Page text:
Mosque in northern West Bank torched in apparent anti-Arab hate crime
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Mosque in northern West Bank torched in apparent anti-Arab hate crime

Aqraba residents believe they were targeted with 'revenge' and 'death' graffiti because the killer of Israeli Adiel Kolman last month was from village

Jacob Magid is the settlements correspondent for The Times of Israel.

Vandals torched a mosque in the northern West Bank village of Aqraba before dawn on Friday in an apparent hate crime attack.

Footage captured by a security camera at the entrance to the mosque showed a pair of assailants setting the door of the building ablaze. Their faces were covered throughout the clip.

Messages of “death,” “revenge” and “price tag” were found graffitied on the walls of the Sa’ada Mosque in the small Palestinian town of several hundred residents.

“Price tag” refers to vandalism and other hate crimes carried out by Jewish ultra-nationalists ostensibly in retaliation for Palestinian violence or government policies perceived as hostile to the settler movement. Mosques, churches, dovish Israeli groups and even Israeli military bases have been targeted by nationalist vandals in recent years.

An imam at a mosque in the Palestinian village of Aqraba in the northern West Bank looks at the damage caused by a price-tag arson attack. (Zacharia Sadeh/Rabbis for Human Rights)

Locals noticed the fire almost immediately at around 2 a.m. and managed to extinguish it. Two sections of the mosque were torched completely, according to Rabbis for Human Rights field worker Zacharia Sadeh, who was present at the Sa’ada Mosque after the attack.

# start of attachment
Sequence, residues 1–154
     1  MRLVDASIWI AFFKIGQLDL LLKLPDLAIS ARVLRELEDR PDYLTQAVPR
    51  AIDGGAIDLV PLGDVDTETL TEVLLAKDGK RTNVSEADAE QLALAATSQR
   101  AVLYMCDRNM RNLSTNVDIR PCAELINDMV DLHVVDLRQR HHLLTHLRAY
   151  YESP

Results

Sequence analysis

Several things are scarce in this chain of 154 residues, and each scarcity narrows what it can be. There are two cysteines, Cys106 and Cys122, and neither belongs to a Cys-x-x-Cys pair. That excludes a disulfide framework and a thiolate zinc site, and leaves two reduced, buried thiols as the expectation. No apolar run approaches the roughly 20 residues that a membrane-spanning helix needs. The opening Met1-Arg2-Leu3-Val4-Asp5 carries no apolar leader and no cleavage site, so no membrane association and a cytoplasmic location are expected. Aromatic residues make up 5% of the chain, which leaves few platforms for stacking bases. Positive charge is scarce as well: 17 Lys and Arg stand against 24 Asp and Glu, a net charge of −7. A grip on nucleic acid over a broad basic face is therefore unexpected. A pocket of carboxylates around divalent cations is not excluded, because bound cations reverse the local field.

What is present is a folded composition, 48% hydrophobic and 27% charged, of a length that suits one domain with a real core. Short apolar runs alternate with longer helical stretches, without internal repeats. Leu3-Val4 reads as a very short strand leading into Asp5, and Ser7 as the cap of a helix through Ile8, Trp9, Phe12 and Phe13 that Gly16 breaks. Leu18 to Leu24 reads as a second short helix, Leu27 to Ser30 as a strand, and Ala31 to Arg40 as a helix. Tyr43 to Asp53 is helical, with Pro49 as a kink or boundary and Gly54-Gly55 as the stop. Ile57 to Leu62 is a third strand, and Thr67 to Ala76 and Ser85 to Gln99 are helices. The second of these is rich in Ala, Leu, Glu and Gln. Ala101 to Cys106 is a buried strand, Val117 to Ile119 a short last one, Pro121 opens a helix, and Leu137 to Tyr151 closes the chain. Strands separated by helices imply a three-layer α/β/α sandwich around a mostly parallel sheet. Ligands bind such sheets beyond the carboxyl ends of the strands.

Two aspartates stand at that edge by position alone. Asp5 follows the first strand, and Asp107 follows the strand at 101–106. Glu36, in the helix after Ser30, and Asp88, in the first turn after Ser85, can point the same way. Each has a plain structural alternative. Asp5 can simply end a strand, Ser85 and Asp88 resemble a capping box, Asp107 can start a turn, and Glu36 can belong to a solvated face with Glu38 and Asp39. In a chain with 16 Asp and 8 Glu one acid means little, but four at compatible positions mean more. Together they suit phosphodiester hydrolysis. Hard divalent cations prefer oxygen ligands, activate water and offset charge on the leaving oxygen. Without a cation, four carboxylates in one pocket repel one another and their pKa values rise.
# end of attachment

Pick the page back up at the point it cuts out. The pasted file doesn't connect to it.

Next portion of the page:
No injuries were reported in the incident.

Sadeh reported the suspected attack to the Israel Police, whose officers arrived at the scene along with IDF troops and began gathering evidence.

Police said an investigation has been launched.

Locals told Palestinian media that the same mosque had been the target of a similar arson attack five years ago, but that members had managed to repair the damage.

They said that the attack appeared to have been in retaliation for the murder of Adiel Kolman, a 32-year-old Israeli father of four, who was stabbed to death in Jerusalem’s Old City last month. The terrorist, Abd al-Rahman Bani Fadel, 28, was shot dead at the scene. He had been a resident of Aqraba.

Adiel Kolman, who was killed in a stabbing attack in Jerusalem’s Old City on March 19 2018 (Courtesy)

The anti-racism group Tag Meir released a statement Friday condemning the arson attack “with disgust.”

“Since December 2009, 50 mosques, churches and monasteries have been torched or desecrated in the State of Israel, Judea and Samaria,” the NGO said, referring to the West Bank by its biblical names.

Tag Meir did not shy away from pegging blame for the incident.

“The extremist right-wing activists are asking for terror by igniting populated homes, houses of worship and cars, uprooting olive trees and vandalizing in order to frighten the Palestinian population and make their lives in the Land of Israel unbearable,” the statement concluded.

The Yesh Din rights group released a statement of its own, saying that it had documented 14 incidents of attacks on mosques in the West Bank since 2006. Nine of them were arson incidents (not including the one Friday), while five other sanctuaries were spray-painted with graffiti.